Rashad Ellis, 22, owns Puffco, which sells vaporizers online. He started selling these devices because he wanted something better than cigarettes to help him quit nicotine. Rashad says he knows many friends whose parents smoke weed and believes that legalization dramatically benefits society.

He explains, “People need alternatives to alcohol, tobacco, prescription drugs, etc. We want to change the stigma associated with ‘drug abuse.’ Our mission is to educate consumers on the real facts behind marijuana and offer them access to safe, affordable, effective herbal solutions to treat themselves and loved ones.”

As for the possibility of getting caught with marijuana, Rashad tells me, “[we sell] discreetly packaged items with minimal branding. We are very upfront with customers regarding our policies and procedures for returning products.”

Adam Scott, 24, owns a catering business called Big Green Egg Catering. Adam likes to cook outdoors using Fat Boy’s grill, an egg-shaped smoker. Like most others interviewed here, he agrees with the notion of legalization and cites PTSD as the primary reason he wants to try it himself.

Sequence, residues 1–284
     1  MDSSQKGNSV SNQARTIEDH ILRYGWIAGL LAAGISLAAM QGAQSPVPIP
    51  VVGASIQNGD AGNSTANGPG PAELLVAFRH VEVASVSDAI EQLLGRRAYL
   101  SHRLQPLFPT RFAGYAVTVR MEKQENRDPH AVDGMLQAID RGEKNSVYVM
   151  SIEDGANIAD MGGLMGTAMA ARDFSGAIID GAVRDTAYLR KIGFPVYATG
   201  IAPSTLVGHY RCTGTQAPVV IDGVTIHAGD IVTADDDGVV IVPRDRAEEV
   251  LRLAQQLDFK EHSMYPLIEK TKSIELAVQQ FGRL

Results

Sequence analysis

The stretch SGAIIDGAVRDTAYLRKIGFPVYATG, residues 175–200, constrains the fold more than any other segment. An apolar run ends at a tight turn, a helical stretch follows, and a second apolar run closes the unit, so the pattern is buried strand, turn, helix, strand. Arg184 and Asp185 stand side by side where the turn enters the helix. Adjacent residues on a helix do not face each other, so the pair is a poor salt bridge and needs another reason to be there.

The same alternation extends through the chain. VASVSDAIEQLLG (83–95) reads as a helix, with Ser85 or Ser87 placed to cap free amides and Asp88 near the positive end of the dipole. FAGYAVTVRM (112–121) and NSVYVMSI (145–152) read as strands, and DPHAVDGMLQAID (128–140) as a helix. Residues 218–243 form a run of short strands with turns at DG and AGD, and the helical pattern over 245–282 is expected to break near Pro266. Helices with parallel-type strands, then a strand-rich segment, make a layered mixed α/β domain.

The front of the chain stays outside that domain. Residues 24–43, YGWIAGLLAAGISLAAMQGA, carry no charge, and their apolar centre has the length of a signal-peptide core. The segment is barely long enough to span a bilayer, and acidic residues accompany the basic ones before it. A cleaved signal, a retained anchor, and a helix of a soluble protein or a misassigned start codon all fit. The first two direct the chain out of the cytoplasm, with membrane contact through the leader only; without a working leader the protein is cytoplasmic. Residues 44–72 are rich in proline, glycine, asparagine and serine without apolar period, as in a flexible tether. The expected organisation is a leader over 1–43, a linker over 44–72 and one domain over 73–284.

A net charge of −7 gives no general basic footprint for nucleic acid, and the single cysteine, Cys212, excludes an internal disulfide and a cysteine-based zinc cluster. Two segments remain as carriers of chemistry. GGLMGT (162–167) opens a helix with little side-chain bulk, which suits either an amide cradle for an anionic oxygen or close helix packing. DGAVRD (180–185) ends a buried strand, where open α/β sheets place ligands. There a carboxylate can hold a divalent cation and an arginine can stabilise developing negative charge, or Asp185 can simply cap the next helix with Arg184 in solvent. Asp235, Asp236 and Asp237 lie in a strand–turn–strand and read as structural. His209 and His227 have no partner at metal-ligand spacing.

Like Kris, however, Adam worries about the long-term effects of marijuana usage. “My biggest concern is related to the mental health issues that come with addiction. Addiction causes depression, anxiety, paranoia, and psychosis, among other problems.”

He adds, “While the intent behind passing these laws is good, I am worried about what happens down the road. With increased demand and limited supply, prices will likely increase and cause further harm to buyers.”

Does This Mean Anything For Medical Marijuana?